Jen, Cambridge asked:
While on safari in Africa, we saw plants that are favoured by elephants but which they can only eat for fifteen minutes before the plant and all those around it produce tannins to make itself inedible. Is this a common strategy?
John - Yes, plants can do all kinds of things to defend themselves. Of course, some plants produce alkaloids as toxicants, but clever animals like the elephants and I believe also, like ourselves can actually take some enjoyment or entertainment from such plants. So the elephants can become a little dangerous when they've taken some of these alkaloids.
Ben - But does that also mean that you get a sort of patterning in a forest where you have the plant that was attacked, that then creates a ring of protected plant around it and then you have to go a few hundred metres before you get the next plant that gets attacked.
John - Yes, and if you bear in mind the fact that when the plants are being attacked, they can actually signal to plants next to them then you get a very, very complex situation building up. And indeed, Charles Darwin noticed that when plants were living in very complicated ecosystems, they produce generally more biomass than when we grow our traditional monocultures of a row of lettuce or a field of wheat.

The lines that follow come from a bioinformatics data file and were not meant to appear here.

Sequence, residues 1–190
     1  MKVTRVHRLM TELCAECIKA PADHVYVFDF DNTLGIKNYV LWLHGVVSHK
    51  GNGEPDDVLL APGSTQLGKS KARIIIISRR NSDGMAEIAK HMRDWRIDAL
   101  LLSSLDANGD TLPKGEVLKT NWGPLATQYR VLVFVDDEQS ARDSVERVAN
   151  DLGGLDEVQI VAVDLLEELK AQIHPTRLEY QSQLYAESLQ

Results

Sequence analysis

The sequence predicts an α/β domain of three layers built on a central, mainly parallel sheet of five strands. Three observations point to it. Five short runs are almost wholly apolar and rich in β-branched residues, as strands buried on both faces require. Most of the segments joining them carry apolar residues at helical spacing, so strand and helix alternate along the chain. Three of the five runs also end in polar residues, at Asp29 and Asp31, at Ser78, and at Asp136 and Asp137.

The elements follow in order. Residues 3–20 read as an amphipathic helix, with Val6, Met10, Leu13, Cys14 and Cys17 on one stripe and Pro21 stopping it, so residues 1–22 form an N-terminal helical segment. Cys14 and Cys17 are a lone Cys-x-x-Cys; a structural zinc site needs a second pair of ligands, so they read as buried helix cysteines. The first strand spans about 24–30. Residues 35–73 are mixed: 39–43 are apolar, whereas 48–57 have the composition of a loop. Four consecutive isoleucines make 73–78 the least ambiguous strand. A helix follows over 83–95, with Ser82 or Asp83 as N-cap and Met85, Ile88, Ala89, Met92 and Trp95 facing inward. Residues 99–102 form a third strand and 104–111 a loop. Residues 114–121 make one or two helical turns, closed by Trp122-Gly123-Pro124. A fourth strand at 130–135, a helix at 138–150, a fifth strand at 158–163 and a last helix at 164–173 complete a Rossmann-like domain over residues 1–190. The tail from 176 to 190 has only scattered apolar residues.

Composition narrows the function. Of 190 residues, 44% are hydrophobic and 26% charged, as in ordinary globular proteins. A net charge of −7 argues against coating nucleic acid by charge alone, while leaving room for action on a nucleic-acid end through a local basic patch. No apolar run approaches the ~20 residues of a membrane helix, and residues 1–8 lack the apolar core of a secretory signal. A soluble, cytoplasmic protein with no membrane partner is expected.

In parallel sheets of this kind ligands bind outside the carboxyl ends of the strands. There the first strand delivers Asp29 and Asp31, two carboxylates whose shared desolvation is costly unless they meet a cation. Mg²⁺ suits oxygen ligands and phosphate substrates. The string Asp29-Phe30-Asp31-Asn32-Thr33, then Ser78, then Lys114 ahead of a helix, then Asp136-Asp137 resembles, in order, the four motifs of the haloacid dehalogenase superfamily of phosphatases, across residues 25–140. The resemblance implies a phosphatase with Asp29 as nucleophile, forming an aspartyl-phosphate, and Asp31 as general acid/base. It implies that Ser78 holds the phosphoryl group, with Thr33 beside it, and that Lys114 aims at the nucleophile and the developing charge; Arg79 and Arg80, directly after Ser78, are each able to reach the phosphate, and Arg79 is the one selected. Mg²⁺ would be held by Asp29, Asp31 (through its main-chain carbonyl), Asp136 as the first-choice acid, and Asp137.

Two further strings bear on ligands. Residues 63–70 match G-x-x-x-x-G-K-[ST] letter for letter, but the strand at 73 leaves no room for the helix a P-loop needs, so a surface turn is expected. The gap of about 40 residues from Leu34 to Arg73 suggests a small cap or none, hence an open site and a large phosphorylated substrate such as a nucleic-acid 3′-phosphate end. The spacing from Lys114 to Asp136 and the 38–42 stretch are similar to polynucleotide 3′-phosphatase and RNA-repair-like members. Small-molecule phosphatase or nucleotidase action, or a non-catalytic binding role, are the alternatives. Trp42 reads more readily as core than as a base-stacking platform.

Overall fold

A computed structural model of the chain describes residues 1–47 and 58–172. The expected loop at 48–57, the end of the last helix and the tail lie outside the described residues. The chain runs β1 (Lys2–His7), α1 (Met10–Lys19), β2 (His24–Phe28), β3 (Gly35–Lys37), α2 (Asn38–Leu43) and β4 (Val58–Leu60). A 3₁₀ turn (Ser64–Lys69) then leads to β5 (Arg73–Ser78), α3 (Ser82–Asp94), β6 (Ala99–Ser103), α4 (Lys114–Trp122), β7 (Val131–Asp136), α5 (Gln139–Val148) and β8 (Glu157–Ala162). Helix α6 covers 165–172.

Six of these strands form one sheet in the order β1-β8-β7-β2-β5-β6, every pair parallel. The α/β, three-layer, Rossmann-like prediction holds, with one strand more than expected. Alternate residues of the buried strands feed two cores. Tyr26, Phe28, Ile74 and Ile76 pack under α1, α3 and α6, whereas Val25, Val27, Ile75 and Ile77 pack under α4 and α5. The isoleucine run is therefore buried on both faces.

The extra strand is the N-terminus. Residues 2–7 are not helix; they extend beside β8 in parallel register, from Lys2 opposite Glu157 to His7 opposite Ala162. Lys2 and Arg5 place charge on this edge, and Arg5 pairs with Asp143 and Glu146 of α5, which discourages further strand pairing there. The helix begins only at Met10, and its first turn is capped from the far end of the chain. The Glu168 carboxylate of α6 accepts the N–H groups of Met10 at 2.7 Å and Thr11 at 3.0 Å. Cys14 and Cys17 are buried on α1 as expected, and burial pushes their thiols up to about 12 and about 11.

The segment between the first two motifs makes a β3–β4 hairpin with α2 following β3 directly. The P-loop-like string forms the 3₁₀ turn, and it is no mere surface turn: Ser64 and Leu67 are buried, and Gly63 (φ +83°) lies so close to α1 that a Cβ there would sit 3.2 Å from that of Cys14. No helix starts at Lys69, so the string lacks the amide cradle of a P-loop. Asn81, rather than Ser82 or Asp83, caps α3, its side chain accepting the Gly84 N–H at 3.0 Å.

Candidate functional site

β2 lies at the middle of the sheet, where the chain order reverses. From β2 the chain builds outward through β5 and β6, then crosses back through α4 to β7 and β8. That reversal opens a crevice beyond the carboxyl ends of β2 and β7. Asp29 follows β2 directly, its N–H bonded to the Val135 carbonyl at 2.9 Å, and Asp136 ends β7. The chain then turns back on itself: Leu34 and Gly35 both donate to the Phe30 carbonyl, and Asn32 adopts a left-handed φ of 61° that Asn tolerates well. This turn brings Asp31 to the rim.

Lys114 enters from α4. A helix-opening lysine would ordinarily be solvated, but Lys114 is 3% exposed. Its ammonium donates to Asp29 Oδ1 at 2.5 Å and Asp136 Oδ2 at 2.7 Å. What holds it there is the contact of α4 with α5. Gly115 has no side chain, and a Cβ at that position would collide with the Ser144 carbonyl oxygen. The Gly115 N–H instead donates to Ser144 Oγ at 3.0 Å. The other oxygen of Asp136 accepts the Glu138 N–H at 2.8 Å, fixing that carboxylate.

Ben - Chris, is that something again that you could model, the way that these responses lead to patterning of vulnerable plants?
Chris - Absolutely, and indeed, we’re looking at other spread of disease in natural systems at present, so this is away from crops where there's a disease called Sudden Oak Death which is threatening very large parts of California and is also causing a lot of damage in the UK. There, we’re looking at what is the heterogeneity - once again, that word comes out very often - in the natural vegetation and how does the invasion by that pathogen actually change that too.